Royal Bank of Scotland has reached an £800 million deal to compensate shareholders who took part in the bank’s credit crunch rights issue.
The ‘full and final’ deal was arranged with five groups which the estimated acted on behalf of 77% of shareholders who have alleged they were misled by the bank when it launched a 2008 cash call.
The organisation said that it was seeking to improve its capital ratios when it sought fresh cash after the closure of wholesale liquidity markets.
Shareholder groups allege that the bank knowingly misled them, after it dangerously overstretched its balance sheet with the top-of-the-market acquisition of dutch bank ABN AMRO.
RBS chief executive officer Ross McEwan (pictured) said: ‘We have been very clear that we wanted to deal with as many of our legacy litigation issues as possible during 2015 and 2016.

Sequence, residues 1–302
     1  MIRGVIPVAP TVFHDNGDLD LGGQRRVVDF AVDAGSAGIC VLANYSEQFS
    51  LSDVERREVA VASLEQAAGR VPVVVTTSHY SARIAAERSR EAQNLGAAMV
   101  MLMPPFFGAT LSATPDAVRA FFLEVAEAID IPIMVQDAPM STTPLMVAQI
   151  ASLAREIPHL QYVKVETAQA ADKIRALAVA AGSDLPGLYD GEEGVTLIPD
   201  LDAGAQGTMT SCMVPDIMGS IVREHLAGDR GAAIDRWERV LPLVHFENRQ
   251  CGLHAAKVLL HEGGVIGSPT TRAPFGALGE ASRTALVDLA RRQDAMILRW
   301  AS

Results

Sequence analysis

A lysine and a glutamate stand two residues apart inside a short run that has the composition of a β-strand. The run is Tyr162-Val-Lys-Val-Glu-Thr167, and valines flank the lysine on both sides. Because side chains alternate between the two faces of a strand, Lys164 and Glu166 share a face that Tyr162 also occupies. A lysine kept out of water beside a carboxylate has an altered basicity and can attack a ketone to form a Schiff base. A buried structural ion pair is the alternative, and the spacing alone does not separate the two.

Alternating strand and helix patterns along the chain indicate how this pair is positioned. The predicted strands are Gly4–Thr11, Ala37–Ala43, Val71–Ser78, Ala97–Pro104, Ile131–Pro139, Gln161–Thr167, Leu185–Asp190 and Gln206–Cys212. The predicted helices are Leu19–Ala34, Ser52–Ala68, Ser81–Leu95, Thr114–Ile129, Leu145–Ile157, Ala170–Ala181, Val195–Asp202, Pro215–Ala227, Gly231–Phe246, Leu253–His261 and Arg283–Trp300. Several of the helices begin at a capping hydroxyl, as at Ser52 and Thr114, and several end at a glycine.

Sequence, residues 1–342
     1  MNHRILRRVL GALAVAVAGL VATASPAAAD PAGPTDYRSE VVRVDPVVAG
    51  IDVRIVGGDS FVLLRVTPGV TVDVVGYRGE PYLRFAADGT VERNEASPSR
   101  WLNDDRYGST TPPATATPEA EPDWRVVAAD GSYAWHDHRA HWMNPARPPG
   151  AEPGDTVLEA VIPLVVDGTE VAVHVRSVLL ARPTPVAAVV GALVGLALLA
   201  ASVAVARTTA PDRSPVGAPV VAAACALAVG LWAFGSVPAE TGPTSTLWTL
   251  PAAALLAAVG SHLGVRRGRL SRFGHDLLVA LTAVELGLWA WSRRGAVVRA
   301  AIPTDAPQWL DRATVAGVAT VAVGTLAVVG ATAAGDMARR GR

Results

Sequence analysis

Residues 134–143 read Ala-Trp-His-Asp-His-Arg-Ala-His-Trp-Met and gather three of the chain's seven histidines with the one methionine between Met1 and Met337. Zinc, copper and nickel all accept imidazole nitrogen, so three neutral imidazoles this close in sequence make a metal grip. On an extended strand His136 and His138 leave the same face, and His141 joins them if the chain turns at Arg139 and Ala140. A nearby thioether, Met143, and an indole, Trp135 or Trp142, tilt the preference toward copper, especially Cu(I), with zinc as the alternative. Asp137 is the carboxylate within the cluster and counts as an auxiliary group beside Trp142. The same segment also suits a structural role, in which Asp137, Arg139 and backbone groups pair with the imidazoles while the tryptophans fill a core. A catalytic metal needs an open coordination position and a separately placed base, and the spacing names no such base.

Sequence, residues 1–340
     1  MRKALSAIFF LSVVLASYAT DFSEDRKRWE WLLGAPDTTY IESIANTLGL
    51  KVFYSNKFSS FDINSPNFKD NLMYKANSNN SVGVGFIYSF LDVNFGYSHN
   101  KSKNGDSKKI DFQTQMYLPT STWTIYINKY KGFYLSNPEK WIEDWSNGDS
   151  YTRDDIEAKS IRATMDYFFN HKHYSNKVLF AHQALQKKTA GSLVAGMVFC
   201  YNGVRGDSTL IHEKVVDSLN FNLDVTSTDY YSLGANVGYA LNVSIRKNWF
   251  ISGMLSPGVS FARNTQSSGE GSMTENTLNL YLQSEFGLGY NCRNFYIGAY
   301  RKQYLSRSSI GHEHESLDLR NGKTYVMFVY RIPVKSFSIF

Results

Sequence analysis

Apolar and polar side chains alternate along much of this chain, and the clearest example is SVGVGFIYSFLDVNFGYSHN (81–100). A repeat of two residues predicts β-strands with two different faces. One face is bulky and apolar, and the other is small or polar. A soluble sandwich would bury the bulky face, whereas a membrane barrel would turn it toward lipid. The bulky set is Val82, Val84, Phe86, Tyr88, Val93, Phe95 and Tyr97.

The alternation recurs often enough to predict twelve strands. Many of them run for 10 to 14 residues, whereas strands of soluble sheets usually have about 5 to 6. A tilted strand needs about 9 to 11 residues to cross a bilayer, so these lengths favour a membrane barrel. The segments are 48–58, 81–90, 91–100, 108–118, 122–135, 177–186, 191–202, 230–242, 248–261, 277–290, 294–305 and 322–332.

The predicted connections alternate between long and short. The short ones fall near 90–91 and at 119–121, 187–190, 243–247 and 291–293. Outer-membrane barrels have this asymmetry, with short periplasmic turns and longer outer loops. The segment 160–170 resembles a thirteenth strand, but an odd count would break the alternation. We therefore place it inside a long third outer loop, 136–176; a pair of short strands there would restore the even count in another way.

‘We are pleased to have reached this agreement and hope that it will be accepted by the remaining claimant group(s) so that this long course of complex and costly litigation can now be concluded.’
The £800 million sum will be paid out of existing cash provision. The bank added that it was continuing to seek a resolution with two other groups.
The case is due to reach trial in March next year, and RBS said it will contest any unsettled claims.